United States v. Alder Creek Water Co.
Citation: 17 ELR 21095
No. No. 85-4203, 823 F.2d 343/26 ERC 1369/(9th Cir., 07/29/1987) Challenge to district court's orders moot, civil penalties upheld
The court holds that a challenge to a district court's placement of a company into receivership for Safe Drinking Water Act (SDWA) violations is moot, and separate issuance of a contempt order by the district court and assessment of civil penalties by a magistrate for the SDWA violations did not violate the constitutional prohibition against double jeopardy. Defendants repeatedly violated a preliminary injunction ordering them to take specific steps to bring their water supply into compliance with Environmental Protection Agency regulations concerning drinking water. The district court placed the company into receivership; the company's assets were eventually sold and the district court distributed its assets in a series of interlocutory orders. The lower court also found defendants willfully liable under the SDWA and assessed civil penalties. The appellate court first holds that the president of the company does not have standing to challenge the district court's interlocutory orders, since the court previously held that this defendant did not have standing to challenge these orders. The court then holds that the company's challenges to the validity of the receivership, sale of the assets, and distribution of funds are moot. The company's failure to seek stays of the interlocutory orders has resulted in changes occurring that make it inequitable for the court to address the merits of the company's appeal, thus depriving it of the ability to redress defendant's injuries. The assets have been sold, most of the proceeds have been distributed, and the water authority that took control of the water system instituted significant changes, implementing financing plans and making long-range improvements. The court then holds that the president of the company was not placed in double jeopardy by the district court's judgment for contempt of court and the magistrate's imposition of civil penalties. The two items are not within the protection of this constitutional prohibition, and the violations were civil rather than criminal.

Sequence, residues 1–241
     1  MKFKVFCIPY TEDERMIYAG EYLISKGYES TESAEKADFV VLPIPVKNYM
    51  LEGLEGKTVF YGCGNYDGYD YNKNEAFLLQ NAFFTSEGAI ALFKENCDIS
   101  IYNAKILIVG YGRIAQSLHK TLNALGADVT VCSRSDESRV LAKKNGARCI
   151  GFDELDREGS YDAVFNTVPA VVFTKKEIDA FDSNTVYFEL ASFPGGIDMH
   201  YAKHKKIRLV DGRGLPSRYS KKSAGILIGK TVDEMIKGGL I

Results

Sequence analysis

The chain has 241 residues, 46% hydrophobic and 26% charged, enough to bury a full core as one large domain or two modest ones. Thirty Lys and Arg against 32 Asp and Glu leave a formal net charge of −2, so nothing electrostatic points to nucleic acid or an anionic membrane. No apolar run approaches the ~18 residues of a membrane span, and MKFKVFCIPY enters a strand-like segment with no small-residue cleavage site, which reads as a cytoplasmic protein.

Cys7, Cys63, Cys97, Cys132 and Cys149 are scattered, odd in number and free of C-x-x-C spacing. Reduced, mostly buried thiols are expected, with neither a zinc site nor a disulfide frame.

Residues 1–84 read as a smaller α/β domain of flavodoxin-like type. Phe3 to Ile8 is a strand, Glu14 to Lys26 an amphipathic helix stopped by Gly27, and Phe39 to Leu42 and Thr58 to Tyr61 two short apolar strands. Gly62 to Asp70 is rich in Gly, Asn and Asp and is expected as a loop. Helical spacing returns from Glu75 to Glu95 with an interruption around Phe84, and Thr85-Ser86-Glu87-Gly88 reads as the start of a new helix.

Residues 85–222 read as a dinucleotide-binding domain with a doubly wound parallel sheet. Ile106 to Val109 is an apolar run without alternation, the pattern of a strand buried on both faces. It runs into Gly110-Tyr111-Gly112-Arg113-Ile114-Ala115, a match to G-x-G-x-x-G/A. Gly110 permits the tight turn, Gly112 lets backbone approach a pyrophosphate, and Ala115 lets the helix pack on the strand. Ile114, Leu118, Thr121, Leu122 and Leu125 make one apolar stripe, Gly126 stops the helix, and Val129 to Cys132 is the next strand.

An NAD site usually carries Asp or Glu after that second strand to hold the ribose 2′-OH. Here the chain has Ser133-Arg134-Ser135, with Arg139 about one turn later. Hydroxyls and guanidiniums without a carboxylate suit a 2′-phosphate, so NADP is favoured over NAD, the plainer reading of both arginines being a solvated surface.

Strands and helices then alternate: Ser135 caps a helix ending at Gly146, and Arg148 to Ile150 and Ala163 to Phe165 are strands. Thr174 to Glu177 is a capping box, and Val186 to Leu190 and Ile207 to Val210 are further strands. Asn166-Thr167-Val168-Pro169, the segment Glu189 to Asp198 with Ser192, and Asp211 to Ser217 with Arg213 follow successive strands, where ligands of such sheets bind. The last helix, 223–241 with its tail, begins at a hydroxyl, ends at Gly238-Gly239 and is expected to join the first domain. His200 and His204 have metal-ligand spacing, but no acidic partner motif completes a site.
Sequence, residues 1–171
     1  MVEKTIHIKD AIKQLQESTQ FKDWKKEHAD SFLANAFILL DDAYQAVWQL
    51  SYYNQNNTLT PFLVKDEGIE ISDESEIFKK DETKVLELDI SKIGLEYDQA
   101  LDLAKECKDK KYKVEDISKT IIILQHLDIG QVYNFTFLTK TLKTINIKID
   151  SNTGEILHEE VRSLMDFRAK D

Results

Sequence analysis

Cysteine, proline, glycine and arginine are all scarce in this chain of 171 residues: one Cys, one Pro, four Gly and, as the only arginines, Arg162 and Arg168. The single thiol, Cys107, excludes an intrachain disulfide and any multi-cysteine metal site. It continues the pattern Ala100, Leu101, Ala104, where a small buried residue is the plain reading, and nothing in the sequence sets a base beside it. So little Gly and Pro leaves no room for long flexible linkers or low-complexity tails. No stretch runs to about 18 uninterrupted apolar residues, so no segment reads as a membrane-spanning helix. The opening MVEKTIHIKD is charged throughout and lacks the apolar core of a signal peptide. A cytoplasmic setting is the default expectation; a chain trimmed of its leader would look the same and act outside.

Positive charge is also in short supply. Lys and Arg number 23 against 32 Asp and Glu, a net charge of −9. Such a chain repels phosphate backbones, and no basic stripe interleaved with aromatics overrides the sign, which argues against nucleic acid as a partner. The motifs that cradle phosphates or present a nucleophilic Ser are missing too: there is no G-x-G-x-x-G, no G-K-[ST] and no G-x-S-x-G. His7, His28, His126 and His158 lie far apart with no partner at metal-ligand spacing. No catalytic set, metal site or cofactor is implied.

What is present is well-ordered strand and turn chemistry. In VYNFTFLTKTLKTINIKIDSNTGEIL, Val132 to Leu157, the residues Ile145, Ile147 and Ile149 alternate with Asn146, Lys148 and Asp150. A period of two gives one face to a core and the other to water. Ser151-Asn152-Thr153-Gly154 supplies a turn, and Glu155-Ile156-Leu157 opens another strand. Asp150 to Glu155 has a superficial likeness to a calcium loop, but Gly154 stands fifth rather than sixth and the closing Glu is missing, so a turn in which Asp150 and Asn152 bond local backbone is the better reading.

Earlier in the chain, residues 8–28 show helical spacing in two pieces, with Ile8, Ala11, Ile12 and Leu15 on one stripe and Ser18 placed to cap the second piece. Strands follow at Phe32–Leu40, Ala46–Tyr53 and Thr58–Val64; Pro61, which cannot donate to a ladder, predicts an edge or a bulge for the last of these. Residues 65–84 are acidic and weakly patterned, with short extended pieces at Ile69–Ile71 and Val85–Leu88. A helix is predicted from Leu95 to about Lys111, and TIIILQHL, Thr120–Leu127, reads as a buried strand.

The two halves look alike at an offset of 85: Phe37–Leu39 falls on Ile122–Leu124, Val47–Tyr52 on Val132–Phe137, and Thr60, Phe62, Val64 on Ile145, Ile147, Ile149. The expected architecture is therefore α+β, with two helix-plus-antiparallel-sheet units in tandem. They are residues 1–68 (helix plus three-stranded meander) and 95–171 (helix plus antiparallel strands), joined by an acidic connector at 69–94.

Counsel for Appellant
Brian W. O'Brien
4035 NE Sandy Blvd., Portland OR 97212
Edward J. Sullivan
Mitchell, Lang & Smith
2000 One Main Place, 101 SW Main St., Portland OR 97204
Counsel for Appellee
Dirk D. Snel
Land and Natural Resources Division
Department of Justice, Washington DC 20530
Before Anderson and Hug, JJ.